We tend to decant wines that are young and therefore need some aerating to release the aromas and flavors—Christopher Munro
Austrian glassware specialist Riedel, founded in 1756, is another brand that stands out for its creativity. While taking pride in its heritage, the glassmaker releases a steady stream of contemporary glass offerings. In 2020 alone Riedel released the Pop Art-inspired Cornetto Confetti range, along with the colorful Decanter Swan Magnum.
These were preceded in 2019 by the launch of Riedel’s Amadeo Decanter by Stefan Umdasch in limited-edition Menta, Rose, and Grigio shades, and with the release of the 2019 Curly Pink Magnum Decanter for the Year of the Pig Chinese New Year celebrations. For brands like these, optimization of the wine-drinking experience goes hand in hand with the aesthetic appeal of these artist collaborations and limited editions. And it’s not just heritage companies making an impression.
Acclaimed wine writer Jancis Robinson, O.B.E., who provides advice for the cellar of Queen Elizabeth II, launched the 1 Collection of wine glassware in 2018. Created in partnership with the Walpole-championed designer Richard Brendon, the thoughtful set encompasses two different decanters designed specifically to suit old and young wines.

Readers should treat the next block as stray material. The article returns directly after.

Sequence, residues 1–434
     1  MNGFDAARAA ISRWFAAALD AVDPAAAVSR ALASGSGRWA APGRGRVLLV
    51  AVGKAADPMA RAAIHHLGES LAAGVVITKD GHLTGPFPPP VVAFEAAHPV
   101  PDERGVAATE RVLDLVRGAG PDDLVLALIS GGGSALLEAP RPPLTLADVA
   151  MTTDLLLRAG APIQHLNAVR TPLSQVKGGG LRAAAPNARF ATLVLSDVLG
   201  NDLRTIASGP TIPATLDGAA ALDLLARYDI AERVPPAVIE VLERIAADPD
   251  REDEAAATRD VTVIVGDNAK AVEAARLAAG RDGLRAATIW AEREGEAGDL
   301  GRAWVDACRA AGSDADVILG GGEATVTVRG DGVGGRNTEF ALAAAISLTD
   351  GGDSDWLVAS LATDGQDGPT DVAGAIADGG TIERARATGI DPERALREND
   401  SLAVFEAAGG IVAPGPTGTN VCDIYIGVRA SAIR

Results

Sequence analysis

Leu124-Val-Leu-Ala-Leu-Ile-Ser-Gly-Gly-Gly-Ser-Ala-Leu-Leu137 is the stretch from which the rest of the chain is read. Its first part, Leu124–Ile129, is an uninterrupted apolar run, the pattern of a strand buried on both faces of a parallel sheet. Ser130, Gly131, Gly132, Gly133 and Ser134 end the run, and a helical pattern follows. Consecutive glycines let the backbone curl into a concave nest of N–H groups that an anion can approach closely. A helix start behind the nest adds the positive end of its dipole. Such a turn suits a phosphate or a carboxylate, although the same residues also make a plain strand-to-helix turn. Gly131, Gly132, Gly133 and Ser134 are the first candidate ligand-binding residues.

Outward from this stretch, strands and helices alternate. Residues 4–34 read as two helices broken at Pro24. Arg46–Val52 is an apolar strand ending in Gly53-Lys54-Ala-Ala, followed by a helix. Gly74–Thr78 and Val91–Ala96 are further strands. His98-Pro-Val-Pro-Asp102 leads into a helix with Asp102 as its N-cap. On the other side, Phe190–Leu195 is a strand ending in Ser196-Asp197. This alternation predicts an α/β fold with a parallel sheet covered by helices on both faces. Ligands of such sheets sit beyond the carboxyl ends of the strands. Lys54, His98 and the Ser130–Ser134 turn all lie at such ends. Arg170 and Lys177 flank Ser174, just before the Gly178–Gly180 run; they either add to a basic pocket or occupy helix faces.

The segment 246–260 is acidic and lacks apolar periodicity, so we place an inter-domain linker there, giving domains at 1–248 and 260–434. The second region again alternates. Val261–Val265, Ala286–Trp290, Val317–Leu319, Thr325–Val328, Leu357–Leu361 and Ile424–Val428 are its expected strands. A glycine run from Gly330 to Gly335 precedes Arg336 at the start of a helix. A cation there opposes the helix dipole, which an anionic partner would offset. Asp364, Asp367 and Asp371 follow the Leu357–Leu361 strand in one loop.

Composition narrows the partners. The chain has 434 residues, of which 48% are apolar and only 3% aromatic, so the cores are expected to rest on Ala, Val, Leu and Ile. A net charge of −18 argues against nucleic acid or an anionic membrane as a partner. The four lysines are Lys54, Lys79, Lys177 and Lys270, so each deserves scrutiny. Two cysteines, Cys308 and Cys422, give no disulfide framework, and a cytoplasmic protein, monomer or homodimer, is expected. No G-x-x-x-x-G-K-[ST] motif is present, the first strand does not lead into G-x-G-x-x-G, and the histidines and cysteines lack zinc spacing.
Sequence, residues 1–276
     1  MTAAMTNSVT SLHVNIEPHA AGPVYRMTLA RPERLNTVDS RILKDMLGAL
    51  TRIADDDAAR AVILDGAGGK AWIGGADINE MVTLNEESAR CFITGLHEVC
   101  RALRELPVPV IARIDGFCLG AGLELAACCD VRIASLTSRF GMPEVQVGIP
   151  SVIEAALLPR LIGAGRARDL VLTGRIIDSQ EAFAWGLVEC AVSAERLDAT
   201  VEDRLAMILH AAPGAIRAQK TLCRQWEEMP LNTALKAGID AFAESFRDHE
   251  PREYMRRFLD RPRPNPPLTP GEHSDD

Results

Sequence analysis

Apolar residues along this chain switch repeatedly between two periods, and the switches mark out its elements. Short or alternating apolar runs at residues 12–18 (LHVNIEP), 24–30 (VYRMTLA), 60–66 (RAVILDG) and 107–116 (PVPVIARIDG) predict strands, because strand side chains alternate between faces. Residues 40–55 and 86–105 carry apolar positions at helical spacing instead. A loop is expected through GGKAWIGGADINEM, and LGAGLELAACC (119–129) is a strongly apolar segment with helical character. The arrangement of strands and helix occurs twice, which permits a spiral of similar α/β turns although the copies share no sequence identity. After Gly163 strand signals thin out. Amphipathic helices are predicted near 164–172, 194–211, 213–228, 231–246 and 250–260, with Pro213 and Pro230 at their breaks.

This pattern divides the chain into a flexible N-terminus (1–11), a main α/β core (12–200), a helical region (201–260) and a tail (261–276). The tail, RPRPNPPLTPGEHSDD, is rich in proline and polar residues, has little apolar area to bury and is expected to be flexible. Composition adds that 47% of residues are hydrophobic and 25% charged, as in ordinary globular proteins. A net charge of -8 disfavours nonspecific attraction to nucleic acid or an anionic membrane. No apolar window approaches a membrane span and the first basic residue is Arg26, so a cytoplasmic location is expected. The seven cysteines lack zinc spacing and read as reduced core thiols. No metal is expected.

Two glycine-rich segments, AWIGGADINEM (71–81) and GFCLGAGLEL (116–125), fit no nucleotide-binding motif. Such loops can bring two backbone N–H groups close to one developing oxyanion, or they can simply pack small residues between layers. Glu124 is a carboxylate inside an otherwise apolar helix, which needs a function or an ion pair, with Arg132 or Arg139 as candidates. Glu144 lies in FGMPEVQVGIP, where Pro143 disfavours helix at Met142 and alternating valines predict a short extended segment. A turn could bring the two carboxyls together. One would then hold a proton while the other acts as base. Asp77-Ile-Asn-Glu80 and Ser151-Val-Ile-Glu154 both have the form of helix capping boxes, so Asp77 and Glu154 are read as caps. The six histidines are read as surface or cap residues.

“There are two different reasons for decanting,” Robinson explains. “My tall, thin, stoppered Old Wine Decanter is for when the wine is sufficiently mature that there is sediment in the bottle and you want to pour the wine off the sediment so none ends up in a glass, but you want to expose it to minimal oxygen.
“The other reason for decanting is to deliberately expose a young wine to maximum aeration so as to accelerate ageing and make it taste softer and more evolved. My broad, open Young Wine Decanter is designed with this in mind. It’s ideal for swooshing the wine around when you hold it by the neck,” she concludes.
Whatever you’re drinking, young or old, whether you’re “swooshing” or merely removing sediment, and whatever your preferred style of glassware, there’s a carafe to suit.
On the Market
A classic château dating back to the late 18th century, this home on the market with Vineyards-Bordeaux has six bedrooms and five baths, plus two additional structures. Fifty-two acres (21 ha) of vineyards currently feature Merlot, Cabernet Franc, and Cabernet Sauvignon, while 15 acres (6 ha) of non-planted AOC land allows for expansion. Extensive wine-producing facilities span two wineries, a barrel store, and tasting rooms.
This four-bedroom, five-bath residence, on the market with First Team Real Estate, is accessed via a driveway flanked by bronze horse statues and wine barrels. A custom solid wood front door and a 1,500 sq ft (139 sq m) courtyard then lead to the main house, guesthouse, and an organic vineyard and orchard. Set on 4.3 acres (1.7 ha) zoned for commercial use, it could be an equestrian center, event venue, or bed and breakfast.
Banner image: The Cornetto Confetti range of wine decanters by Riedel